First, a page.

Today, on another page of The Herald-Mail, is a story about people's memories of Christmas.
Some of those memories were rooted in childhood when parents made the holiday special; others were more recent.
In another story, area people talk about their Christmas wishes. Those sharing their thoughts included representatives of nonprofit agencies, pastors, members of the military and others.
Dignity for every person, hope for those in need and safe holidays for service personnel deployed far from home were among the wishes expressed.
I have no doubt that similar sentiments are offered around the Tri-State area — spoken from church pulpits, and by those who work with people in need, by those whose jobs involve saving lives, sometimes risking theirs in the process, by people in all walks of life.
The sentiments are manifested when you hold a door for a shopper whose arms are full of packages or smile at the person ringing up your purchases in the store.
Whatever you call this season — and the Christmas vs. holiday debate rages every year — this time, in the depths of December, seems to bring out the best in most of us.
Perhaps that's because of memories of happy childhoods, of traditions old and new, of time spent with those we love who are still with us, and those who are not.
The warm feelings could be rooted in religion or come from that place in the heart that takes joy in giving to someone else, whether it's an expensive gift or loose change dropped into a red kettle.
The reason for those feelings doesn't matter as much as the fact of it.
We find ourselves at a time in this country when Americans are polarized politically, when civility sometimes can be in scarce supply and when greed, nastiness and loud voices are all too common.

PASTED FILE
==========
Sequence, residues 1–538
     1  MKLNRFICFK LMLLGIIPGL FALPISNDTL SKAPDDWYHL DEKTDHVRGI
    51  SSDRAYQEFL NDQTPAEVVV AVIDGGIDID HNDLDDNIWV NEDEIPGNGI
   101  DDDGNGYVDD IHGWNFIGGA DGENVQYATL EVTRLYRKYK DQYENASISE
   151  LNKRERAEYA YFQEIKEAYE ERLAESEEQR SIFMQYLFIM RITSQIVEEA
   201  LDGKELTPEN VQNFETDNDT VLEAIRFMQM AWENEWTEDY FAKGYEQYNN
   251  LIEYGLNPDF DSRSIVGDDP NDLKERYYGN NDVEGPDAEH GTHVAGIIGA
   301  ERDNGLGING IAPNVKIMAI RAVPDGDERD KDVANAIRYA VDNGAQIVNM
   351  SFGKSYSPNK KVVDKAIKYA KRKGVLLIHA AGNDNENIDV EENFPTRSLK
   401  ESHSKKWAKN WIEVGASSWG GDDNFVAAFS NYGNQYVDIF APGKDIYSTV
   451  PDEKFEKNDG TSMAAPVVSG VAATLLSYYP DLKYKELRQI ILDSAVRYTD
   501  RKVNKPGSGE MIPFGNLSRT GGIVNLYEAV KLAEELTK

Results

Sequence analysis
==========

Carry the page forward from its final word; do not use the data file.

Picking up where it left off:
Perhaps, for a brief while, this season could let us put aside our differences and reach out to others in the spirit that is Christmas.
Perhaps "peace on earth" is impossible, but if we treat good will toward others as something real and not just some nice words for the greeting cards, at least we might make the world a little nicer for those around us.
It's not always easy to respond with a smile when someone is rude, or to see the other guy's point of view in politics, religious matter or any other contentious area.
But if we let the warmth of the season cling to us beyond today, beyond next week, maybe we could come to the realization that even those with whom we disagree have a right to their opinions.
Maybe we could see that people of good will can disagree without disliking each other.
We might even find that we are more alike than different and that it's possible to be polite, even to those with whom we do disagree.
Too much to ask? Perhaps.
But hey, it's not bad for a Christmas wish.